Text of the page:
Join Date: Sep 2006
Location: Southern Minnesota
Autotune is definitely helpful. I wouldn't say it's perfect, but it will steer you in the right direction. I have a dyno, and I tune these, and I can explain a couple of the challenges of these.
So with 1 cylinder, pulling from 1 throttle, it's important to understand that the flow through the intake is not smooth, it's in very dramatic pulses. There are pressure waves traveling through the intake, kind of like when you slap your hand over the end of a pipe. You hear a tone, and you can feel it with your hand. That energy is happening in the intake, but at a far greater energy.
The length of the intake, cam timing, and even the exhaust system, all manipulate those pressure waves.
A carburetor "feels" these waves, and somewhat adjusts accordingly, but they throw it off also, because the carb doesn't care which way the air is going through it, it gets fuel mixed either way. This is why carbs are not real accurate, and if you look at a dyno sheet, you see the A/F ratio bouncing all over the place. Ideally, it stays within a certain range and is called good enough.
With this efi system, you get the opportunity to account for this, but it makes tuning them kind of tricky. That 3 button controller you have will not account for that effect. It will get as close as a carb, but no closer. A power commander 5 has a map. The ECM has a map, much like it that is operates off of. At each throttle position, and each RPM, it knows to inject X amount of fuel. The map in the ECM can't be changed, but it will always do the same thing, and will account for temp and barometric pressure differences.
The values in the PC5 map, are a reflection of the percentage of fuel that it will add or take away from what the ECM is injecting. So it's important to keep in mind that the numbers on the PC5 map do not show how much fuel is given, but how much it's manipulating things.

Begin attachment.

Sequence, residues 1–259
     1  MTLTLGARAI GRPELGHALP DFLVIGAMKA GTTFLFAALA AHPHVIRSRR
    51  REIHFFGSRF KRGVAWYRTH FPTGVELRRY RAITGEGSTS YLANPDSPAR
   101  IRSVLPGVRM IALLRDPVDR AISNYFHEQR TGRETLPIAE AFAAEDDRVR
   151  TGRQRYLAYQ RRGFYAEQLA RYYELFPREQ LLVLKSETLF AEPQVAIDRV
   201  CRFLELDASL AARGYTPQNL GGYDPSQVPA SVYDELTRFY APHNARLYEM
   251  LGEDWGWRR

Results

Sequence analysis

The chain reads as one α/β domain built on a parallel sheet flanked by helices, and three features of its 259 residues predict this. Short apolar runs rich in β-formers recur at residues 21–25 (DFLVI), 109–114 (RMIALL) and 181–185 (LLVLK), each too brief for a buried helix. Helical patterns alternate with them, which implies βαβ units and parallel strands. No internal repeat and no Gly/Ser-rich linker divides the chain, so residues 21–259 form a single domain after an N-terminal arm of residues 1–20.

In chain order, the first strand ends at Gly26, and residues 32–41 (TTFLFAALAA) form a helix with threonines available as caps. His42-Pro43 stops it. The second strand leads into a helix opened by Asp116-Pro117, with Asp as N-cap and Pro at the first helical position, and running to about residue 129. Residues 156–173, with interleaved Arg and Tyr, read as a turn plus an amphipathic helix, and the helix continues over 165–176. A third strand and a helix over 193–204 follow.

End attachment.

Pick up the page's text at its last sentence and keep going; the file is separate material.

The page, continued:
The autotune will record while you ride, and it will come up with recommendations for changes to make. If I remember right, it won't kick in until a certain rpm, because reversion, and over scavenging can affect it's readings. So you're on your own for the range that it doesn't reach. However, after accepting it's changes a few times, it should have things pretty spot on. You should see much smaller differences being made.
One thing to watch for is known as "yoyoing". If you get into a part of the map where there are big swings in what is going on, the autotune can be tricked, and it may overreact rich lean rich lean, until it gets back in line. So if you see huge swings in your map, you may want to smooth them.
All of that said, you can double check all of this with a wide band, which is handy anyway for the range that the auto tune doesn't reach. In the end, you will have a far better tune than a carb or 3 button tuner could ever hope for. As an added bonus, you can tune for any future mods that you decide to do.